In three states--Alabama, Mississippi, and Tennessee--the prevalence of self-reported obesity among adults age 18 or older was above 30 percent in 2007, according to a report by the Centers for Disease Control and Prevention.
Overall, the proportion of U.S. adults who self report they are obese increased nearly 2 percent between 2005 and 2007, according to the report
An estimated 25.6 percent of U.S. adults reported being obese in 2007 compared to 23.9 percent in 2005, an increase of 1.7 percent. The report also finds that none of the 50 states or the District of Columbia has achieved the Healthy People 2010 goal to reduce obesity prevalence to 15 percent or less.
Colorado had the lowest obesity prevalence at 18.7 percent. Obesity is defined as a body mass index (BMI) of 30 or above. BMI is calculated using height and weight. For example, a 5-foot, 9-inch adult who weighs 203 pounds would have a BMI of 30, thus putting this person into the obese category.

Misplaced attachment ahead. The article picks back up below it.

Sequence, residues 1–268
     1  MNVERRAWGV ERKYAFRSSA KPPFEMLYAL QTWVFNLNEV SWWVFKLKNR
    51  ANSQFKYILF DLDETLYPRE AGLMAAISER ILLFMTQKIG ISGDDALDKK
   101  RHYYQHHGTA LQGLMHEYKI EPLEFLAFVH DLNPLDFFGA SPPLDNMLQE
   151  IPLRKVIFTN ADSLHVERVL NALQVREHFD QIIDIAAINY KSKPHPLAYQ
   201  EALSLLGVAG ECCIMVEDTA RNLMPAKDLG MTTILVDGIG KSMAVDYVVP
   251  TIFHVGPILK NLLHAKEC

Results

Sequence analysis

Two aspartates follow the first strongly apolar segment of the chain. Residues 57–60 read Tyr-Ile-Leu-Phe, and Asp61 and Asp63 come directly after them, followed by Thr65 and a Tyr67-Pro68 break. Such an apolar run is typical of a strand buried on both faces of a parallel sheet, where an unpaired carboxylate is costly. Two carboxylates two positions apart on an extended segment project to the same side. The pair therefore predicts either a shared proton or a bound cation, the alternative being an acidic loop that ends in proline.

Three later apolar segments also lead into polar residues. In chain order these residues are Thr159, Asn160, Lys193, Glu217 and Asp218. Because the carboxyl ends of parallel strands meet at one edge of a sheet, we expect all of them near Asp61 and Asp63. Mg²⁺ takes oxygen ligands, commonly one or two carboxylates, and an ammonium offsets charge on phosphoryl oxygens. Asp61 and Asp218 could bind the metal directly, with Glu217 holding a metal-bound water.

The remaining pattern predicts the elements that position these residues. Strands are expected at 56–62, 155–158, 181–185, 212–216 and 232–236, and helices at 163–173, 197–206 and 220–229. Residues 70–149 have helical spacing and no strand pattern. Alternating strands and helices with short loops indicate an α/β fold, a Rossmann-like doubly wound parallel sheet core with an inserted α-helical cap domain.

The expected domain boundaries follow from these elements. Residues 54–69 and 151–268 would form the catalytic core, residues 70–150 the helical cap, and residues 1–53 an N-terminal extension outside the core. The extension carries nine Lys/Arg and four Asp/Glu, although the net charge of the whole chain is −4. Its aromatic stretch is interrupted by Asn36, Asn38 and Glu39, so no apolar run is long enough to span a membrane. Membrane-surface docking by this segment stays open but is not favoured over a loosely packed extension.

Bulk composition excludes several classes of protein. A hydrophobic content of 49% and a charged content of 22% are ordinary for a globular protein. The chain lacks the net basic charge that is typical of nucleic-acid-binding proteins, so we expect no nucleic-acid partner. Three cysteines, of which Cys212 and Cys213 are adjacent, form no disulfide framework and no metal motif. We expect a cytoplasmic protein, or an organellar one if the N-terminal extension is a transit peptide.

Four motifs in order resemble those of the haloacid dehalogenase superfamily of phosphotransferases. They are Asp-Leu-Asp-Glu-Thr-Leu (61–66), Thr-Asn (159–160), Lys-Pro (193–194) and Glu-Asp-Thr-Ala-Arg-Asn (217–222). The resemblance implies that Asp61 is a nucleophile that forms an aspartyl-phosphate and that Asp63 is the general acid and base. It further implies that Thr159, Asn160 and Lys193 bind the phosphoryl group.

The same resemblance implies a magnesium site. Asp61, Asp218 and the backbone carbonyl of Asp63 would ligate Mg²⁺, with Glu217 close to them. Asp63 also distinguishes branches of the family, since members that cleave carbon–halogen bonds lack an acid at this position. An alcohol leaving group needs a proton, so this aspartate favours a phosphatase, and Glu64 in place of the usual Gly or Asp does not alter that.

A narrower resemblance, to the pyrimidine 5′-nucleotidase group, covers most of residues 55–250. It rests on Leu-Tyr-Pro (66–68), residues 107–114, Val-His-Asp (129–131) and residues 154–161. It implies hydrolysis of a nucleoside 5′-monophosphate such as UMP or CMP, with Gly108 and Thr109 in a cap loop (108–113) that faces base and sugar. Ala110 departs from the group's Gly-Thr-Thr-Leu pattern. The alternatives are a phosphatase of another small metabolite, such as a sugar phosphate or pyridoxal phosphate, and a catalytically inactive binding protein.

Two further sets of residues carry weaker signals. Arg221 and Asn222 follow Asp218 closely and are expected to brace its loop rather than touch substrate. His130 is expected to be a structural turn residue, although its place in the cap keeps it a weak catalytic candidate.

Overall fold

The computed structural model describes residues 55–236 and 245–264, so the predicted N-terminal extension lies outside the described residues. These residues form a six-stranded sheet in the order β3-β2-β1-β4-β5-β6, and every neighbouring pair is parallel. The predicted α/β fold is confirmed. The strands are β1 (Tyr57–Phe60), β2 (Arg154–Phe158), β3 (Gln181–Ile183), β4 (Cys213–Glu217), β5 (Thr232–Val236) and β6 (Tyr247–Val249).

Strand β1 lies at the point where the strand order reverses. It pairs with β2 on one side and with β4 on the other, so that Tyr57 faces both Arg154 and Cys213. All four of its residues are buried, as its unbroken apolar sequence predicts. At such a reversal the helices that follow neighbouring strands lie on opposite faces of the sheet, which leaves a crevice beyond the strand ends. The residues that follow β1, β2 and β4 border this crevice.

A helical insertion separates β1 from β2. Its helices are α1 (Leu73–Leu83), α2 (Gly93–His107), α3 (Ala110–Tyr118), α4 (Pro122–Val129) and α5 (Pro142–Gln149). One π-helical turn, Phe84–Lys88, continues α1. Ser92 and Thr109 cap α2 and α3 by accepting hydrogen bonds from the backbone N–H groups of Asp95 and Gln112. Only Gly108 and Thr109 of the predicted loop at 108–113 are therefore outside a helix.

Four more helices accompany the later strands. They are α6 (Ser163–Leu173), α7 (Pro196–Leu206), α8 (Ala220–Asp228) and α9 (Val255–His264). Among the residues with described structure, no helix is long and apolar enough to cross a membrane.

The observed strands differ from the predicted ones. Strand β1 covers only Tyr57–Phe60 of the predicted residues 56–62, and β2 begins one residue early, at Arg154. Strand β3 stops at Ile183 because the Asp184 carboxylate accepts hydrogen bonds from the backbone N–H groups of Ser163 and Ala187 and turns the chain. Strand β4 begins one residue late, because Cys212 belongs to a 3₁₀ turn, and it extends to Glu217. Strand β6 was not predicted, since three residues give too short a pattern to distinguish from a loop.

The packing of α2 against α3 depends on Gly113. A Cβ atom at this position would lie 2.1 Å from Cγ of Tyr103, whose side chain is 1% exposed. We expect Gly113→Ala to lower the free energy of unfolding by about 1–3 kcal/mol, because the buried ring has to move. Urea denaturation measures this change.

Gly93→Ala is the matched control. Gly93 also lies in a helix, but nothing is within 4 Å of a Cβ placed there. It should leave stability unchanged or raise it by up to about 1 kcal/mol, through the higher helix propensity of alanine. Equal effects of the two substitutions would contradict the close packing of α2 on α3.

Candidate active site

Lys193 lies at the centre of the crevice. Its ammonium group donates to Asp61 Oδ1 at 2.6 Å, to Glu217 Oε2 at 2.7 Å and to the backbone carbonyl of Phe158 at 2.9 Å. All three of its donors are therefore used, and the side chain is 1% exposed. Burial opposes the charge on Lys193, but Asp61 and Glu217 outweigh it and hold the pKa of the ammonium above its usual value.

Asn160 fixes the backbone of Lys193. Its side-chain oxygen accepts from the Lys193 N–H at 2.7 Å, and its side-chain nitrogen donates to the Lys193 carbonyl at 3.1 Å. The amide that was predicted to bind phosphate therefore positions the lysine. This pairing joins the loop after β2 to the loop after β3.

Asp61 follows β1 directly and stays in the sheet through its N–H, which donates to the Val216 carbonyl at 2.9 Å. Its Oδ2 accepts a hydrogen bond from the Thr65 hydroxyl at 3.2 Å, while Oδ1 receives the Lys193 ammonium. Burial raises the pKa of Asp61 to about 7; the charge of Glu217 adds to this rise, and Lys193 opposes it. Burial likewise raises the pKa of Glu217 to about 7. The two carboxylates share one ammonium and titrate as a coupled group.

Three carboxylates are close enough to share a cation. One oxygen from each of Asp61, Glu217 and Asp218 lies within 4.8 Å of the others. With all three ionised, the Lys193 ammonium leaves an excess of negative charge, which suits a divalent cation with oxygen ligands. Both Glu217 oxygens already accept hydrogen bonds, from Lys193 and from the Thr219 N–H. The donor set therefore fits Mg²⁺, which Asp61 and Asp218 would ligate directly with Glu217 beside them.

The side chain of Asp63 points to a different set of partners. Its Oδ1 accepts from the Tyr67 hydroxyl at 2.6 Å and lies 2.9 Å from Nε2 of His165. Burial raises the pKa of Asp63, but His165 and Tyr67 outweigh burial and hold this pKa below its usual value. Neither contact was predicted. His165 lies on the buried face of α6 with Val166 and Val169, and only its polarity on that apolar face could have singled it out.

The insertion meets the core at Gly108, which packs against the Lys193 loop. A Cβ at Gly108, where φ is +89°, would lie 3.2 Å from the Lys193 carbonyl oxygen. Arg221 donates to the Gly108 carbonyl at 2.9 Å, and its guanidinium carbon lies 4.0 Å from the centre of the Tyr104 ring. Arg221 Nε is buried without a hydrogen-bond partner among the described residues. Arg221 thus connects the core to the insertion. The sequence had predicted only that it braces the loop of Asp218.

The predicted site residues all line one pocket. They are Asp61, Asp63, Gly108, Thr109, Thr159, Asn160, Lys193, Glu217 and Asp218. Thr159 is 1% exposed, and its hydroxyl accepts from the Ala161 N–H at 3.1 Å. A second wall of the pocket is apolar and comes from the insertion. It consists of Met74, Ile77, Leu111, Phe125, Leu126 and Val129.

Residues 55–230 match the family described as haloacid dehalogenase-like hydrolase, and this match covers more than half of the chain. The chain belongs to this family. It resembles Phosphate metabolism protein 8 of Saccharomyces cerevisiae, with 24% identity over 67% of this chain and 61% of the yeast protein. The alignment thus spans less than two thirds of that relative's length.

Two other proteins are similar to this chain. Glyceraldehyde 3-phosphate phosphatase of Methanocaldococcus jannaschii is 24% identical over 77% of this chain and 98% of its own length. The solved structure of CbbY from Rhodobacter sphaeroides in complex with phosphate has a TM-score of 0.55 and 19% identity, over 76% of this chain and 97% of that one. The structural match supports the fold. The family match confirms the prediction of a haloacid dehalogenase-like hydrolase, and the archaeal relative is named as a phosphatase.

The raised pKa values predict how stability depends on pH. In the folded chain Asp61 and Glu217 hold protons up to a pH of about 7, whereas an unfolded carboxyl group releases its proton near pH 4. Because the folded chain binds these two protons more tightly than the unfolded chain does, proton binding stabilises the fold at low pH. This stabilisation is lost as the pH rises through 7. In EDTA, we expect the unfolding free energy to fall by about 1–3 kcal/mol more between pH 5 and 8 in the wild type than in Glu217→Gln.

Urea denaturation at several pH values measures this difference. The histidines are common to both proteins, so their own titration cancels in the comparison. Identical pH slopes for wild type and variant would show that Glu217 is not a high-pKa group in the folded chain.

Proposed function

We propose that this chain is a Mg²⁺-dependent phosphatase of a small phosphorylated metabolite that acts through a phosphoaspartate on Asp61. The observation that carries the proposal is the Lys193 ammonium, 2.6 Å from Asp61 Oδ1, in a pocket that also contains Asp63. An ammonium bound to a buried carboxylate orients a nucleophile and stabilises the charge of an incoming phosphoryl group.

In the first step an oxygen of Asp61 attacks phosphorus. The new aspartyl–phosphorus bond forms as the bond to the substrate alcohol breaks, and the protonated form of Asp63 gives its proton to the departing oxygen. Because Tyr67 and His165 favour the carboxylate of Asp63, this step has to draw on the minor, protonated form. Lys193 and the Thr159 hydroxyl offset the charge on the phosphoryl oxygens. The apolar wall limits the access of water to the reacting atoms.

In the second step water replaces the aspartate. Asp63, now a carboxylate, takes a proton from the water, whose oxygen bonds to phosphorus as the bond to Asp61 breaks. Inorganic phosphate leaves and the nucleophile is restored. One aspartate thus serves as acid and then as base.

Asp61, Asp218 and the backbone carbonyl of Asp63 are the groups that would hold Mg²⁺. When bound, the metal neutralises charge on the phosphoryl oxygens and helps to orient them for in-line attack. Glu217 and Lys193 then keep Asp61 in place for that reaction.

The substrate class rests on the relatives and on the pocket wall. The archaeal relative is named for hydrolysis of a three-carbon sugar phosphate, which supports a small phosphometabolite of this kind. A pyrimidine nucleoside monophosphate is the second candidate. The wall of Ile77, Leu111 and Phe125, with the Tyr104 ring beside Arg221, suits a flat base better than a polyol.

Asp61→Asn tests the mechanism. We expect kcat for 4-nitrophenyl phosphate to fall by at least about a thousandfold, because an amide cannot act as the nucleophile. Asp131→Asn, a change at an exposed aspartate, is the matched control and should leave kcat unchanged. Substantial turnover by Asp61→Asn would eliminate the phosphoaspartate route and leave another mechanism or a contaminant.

"The epidemic of adult obesity continues to rise in the United States indicating that we need to step up our efforts at the national, state, and local levels," said Dr. William Dietz, director of CDC's Division of Nutrition, Physical Activity, and Obesity. "We need to encourage people to eat more fruits and vegetables, engage in more physical activity and reduce the consumption of high calorie foods and sugar sweetened beverages in order to maintain a healthy weight."
The study found that obesity is more prominent in the South, where 27 percent of respondents were classified as obese. The percentage of obese adults was 25.3 in the Midwest , 23.3 percent in the Northeast, and 22.1 percent in the West.